Total RNA was extracted from 108 bacteria with the RNeasy Kit (Qiagen). One μg of total RNA was treated with RQ1 RNAse-Free DNase (Promega) and reverse transcribed with Improm II™ Reverse transcriptase (Promega) using random hexamers (Invitrogen™) under the manufacturer's recommended conditions. PCR quantification of specific cDNA levels was performed using a LightCycler® (Roche Applied Science) rapid fluorescence temperature cycler as reported elsewhere [100]. Briefly, amplification was performed in a 10 μl final volume containing 50 mM Tris (pH 8.3), 3 mM MgCl2, 4.5 μg of bovine serum albumin, 200 μM deoxynucleotide triphosphates, a 1:10,000 dilution of SYBR® Green I (Molecular Probes, Inc.), 1 μM each primer, and 1 unit of Platinum® Taq DNA Polymerase (Invitrogen™). Amplification was performed for 40 cycles, with each run consisting of an initial melting at 95°C for 2 minutes, followed by melting, annealing, extension, and acquiring temperatures specific to each primer set. Serial dilutions of a representative template cDNA were amplified using each primer set to create a standard curve. Particular transcript levels in experimental samples were calculated by comparison to the corresponding standard curve. All calculated values for the boaA and boaB genes are normalized to either the Burkholderia recA or E. coli recA levels. A primer set for Borrelia burgdorferi recA [100] was used as a non-Burkholderia control to further demonstrate primer specificity (control in Fig 4). Negative controls in which the reverse transcriptase enzyme was not added to reaction mixtures were included in all experiments (data not shown). The boa and recA transcripts were amplified from the same sets of samples. The primer sets used were: boaAF (5'-ATC GCG AAC AAT GCG AAC GAT GTC-3') and boaAR (5'-AAG CGA ATA AGC CTG ACC TGC GAT-3'), boaBF (5'-AAT GCC GTA GCC AAC AAC ACG AAC-3') and boaBR (5'-TCG TCG AGT AAA GTT GCG AAC CGT-3'), recABURKF (5'-CAC GAA CTG CCT CGT GAT CTT CAT-3') and recABURKR (5'-AAA TGC CTT CGC CGT ACA GGA TGT-3'), recACOLIF (5'-ATG GCT ATC GAC GAA AAC-3') and recACOLIR (5'-GGT TTT ACC GGA AGA TTC C-3'), and recABbF (5'-GTC GAT CTA TTG TAT TAG ATG AGG CTC TCG-3') and recABbR (5'-GCC AAA GTT CTG CAA CAT TAA CAC CTA AAG-3').

Nucleotide sequence analyses

PCR products and plasmids were sequenced at the University of Michigan Sequencing Core. Chromatograms were assembled using the Sequencher 4.9 software (Gene Codes Corporation). The nucleotide sequences of the B. pseudomallei DD503 boaA (EF423807) and boaB (EF423808) genes were deposited in GenBank under the indicated accession number.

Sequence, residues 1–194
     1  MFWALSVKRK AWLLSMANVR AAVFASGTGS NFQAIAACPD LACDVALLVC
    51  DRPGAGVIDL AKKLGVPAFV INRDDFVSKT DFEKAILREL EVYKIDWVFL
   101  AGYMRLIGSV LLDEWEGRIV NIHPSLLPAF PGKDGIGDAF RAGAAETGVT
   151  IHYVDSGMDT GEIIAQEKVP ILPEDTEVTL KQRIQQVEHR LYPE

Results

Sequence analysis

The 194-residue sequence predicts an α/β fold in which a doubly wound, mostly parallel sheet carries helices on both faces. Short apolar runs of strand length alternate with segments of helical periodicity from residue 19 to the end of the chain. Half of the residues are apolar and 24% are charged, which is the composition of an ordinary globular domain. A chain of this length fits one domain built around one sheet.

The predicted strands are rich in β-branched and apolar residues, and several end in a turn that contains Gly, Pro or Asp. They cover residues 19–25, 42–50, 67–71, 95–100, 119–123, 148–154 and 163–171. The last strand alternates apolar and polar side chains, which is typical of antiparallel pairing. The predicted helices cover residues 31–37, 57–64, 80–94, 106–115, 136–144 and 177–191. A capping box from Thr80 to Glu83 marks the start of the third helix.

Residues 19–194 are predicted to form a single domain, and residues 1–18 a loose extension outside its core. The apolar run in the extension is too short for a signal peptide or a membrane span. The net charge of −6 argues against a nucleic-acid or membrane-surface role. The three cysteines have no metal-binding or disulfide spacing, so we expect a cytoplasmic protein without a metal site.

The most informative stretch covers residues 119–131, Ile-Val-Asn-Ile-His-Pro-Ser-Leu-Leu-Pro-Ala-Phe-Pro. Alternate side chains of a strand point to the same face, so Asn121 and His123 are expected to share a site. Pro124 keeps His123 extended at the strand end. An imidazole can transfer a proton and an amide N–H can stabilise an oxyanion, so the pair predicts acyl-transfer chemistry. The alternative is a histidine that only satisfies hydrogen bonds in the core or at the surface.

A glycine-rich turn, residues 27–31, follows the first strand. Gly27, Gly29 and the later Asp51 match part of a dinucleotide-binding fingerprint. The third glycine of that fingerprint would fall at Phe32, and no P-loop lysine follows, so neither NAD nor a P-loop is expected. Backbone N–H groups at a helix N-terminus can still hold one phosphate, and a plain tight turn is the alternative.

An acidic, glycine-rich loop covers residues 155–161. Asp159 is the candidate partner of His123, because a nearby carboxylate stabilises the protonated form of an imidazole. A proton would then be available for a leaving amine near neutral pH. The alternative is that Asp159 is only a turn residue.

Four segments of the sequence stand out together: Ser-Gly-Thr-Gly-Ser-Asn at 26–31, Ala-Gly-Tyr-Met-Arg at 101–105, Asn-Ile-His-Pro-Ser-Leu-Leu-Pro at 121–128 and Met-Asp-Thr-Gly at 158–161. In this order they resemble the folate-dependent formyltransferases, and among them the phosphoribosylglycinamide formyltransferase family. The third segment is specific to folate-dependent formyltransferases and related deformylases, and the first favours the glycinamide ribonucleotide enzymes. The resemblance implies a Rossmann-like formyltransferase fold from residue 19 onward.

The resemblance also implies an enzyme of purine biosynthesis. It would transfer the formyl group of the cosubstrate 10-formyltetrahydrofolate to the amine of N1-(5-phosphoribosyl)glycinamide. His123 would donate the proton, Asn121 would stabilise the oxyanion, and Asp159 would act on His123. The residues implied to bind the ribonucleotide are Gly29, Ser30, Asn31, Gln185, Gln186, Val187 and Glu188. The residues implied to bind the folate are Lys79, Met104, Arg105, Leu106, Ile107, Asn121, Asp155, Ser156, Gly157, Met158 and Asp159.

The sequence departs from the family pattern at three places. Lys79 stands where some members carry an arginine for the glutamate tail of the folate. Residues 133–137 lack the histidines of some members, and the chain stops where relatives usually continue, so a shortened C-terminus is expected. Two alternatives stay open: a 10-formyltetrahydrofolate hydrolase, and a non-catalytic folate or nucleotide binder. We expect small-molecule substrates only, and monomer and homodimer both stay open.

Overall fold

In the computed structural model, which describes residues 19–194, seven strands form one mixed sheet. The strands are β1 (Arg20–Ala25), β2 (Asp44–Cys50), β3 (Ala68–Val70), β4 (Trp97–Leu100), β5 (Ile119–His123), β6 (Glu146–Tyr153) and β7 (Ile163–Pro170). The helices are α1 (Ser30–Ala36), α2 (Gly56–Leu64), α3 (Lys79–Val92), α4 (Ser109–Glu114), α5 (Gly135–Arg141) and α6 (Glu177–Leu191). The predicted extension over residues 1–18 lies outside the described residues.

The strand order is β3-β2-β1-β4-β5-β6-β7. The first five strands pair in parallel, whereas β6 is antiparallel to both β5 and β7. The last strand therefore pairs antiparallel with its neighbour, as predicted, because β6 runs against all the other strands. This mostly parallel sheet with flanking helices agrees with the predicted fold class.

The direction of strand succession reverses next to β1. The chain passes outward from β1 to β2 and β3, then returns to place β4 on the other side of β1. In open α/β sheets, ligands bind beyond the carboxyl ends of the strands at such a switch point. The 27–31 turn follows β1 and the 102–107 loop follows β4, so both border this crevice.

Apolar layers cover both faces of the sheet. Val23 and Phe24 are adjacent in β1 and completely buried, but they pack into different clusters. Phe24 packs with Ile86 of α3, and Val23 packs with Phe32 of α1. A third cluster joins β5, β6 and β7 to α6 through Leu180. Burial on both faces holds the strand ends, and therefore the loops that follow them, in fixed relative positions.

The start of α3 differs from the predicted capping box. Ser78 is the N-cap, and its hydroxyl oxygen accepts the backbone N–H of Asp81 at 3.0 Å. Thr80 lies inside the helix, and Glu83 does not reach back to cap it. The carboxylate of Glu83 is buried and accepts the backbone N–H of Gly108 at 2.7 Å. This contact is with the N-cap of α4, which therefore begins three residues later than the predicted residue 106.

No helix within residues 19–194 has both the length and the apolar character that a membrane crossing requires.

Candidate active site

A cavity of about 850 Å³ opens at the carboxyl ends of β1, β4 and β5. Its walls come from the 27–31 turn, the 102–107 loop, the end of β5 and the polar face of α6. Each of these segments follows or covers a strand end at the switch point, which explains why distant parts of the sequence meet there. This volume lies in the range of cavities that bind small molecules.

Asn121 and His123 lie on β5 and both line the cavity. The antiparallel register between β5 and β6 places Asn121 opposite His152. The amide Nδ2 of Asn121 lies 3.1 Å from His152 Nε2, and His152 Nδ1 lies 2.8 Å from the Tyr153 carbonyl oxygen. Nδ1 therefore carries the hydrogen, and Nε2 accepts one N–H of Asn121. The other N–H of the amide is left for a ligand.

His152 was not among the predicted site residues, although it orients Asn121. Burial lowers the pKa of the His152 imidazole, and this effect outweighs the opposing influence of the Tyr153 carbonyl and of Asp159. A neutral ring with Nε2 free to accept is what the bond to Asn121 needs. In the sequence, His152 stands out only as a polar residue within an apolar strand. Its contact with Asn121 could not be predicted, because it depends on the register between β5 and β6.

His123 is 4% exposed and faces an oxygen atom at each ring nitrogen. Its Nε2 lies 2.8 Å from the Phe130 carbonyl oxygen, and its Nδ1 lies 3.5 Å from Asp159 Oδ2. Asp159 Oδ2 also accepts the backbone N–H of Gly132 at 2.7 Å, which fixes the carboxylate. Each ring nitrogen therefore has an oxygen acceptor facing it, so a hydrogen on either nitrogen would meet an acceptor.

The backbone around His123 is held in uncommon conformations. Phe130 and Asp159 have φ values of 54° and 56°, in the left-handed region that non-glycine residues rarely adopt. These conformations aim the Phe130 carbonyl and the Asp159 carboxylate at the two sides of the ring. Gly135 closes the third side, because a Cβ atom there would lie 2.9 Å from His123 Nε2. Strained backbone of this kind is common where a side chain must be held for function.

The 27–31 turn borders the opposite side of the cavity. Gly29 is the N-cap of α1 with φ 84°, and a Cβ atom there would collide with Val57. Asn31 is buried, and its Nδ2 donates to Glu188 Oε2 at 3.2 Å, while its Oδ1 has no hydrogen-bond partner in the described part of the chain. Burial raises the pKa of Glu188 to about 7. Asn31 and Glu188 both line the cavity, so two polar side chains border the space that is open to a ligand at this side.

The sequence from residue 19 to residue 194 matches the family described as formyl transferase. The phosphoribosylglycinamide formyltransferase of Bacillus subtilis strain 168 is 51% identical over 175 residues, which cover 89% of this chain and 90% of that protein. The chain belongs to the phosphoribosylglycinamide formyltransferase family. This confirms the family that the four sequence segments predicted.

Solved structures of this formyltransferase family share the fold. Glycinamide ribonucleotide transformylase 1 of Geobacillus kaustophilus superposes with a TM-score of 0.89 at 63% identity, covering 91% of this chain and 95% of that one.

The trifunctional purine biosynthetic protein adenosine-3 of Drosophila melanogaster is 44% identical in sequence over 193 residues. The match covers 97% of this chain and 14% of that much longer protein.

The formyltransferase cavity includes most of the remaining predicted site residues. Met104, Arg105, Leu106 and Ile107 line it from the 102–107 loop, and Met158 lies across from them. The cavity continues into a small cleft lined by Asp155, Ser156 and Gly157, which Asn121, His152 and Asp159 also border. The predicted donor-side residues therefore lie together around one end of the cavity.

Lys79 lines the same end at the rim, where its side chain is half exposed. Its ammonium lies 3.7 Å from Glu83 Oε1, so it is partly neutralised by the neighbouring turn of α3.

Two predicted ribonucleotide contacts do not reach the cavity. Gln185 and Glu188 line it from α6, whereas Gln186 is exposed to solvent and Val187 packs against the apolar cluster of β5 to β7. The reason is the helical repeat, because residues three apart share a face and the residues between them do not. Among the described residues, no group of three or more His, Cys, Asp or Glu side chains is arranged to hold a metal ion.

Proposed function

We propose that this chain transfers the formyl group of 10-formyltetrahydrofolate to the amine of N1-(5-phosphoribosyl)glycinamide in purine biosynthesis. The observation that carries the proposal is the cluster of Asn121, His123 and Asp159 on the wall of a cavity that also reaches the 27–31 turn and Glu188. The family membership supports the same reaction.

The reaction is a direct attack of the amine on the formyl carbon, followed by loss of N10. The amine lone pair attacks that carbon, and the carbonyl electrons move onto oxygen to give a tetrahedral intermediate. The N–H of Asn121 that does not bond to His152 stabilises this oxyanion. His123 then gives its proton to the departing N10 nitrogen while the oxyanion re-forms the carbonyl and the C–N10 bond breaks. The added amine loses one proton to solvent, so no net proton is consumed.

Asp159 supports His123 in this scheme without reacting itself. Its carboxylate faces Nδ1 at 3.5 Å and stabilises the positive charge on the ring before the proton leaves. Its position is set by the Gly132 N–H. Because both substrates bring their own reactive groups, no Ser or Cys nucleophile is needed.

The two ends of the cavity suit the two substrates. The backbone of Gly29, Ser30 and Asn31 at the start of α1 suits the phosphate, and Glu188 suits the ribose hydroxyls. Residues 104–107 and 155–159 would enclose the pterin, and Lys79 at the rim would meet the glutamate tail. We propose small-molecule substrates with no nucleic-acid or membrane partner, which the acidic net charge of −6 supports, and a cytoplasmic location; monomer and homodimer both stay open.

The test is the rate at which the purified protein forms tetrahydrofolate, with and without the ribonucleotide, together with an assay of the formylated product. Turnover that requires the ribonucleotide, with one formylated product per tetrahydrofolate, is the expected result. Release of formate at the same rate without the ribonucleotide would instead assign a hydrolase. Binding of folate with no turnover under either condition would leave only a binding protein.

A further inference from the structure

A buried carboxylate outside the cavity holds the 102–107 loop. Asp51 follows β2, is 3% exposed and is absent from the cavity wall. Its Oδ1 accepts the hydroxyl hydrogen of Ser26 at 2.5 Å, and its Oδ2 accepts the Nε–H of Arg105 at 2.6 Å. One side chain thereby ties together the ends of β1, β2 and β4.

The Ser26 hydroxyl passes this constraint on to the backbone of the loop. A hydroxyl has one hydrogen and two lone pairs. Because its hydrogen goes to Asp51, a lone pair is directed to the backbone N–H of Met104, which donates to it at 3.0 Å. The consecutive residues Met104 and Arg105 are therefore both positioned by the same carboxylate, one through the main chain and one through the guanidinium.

Bioinformatic Analyses

Sequence analyses were performed using Vector NTI (Invitrogen) and the various online tools available through the ExPASy Proteomics Server (http://au.expasy.org/ webcite). Signal sequence cleavage sites were determined using the SignalP 3.0 server (http://www.cbs.dtu.dk/services/SignalP/ webcite). The B. mallei ATCC23344 boaA gene product (locus tag BMAA0649) was identified by searching the genome of the organism for the presence of a YadA-like C-terminal domain (Pfam database number PF03895) through the NCBI genomic BLAST service using the tblastn and blastp programs (http://www.ncbi.nlm.nih.gov/sutils/genom_table.cgi webcite). The other boaA and boaB gene products described in this study were identified by using the predicted aa sequence of the B. mallei ATCC23344 BoaA protein to search the genomes of the B. mallei as well as B. pseudomallei strains available through the NCBI genomic BLAST service utilizing the tblastn and blastp programs. Structural features of the Boa proteins (e.g. helical regions, β-strands) were identified using the PSIPRED Protein Structure Prediction Server (http://bioinf.cs.ucl.ac.uk/psipred/ webcite).

Epithelial cell adherence assays

Quantitative attachment assays were performed as previously described by our laboratory [61,67]. Monolayers of A549 and HEp2 cells and cultures of NHBE were infected with B. mallei, B. pseudomallei or recombinant E. coli strains at a MOI of 100. Duplicate assays were repeated on at least 3 occasions for each strain, and adherence is expressed as the percentage (± standard error) of bacteria attached to epithelial cells relative to the inoculum. Statistical analyses were performed using the Mann-Whitney test (GraphPad Prism software) and P values < 0.05 are reported as statistically significant.

Biofilm and bactericidal assays

These experiments were performed as previously described [96,101,102]. We used 50% and 25% normal human serum in bactericidal assays with B. pseudomallei and B. mallei, respectively.

Macrophage survival assays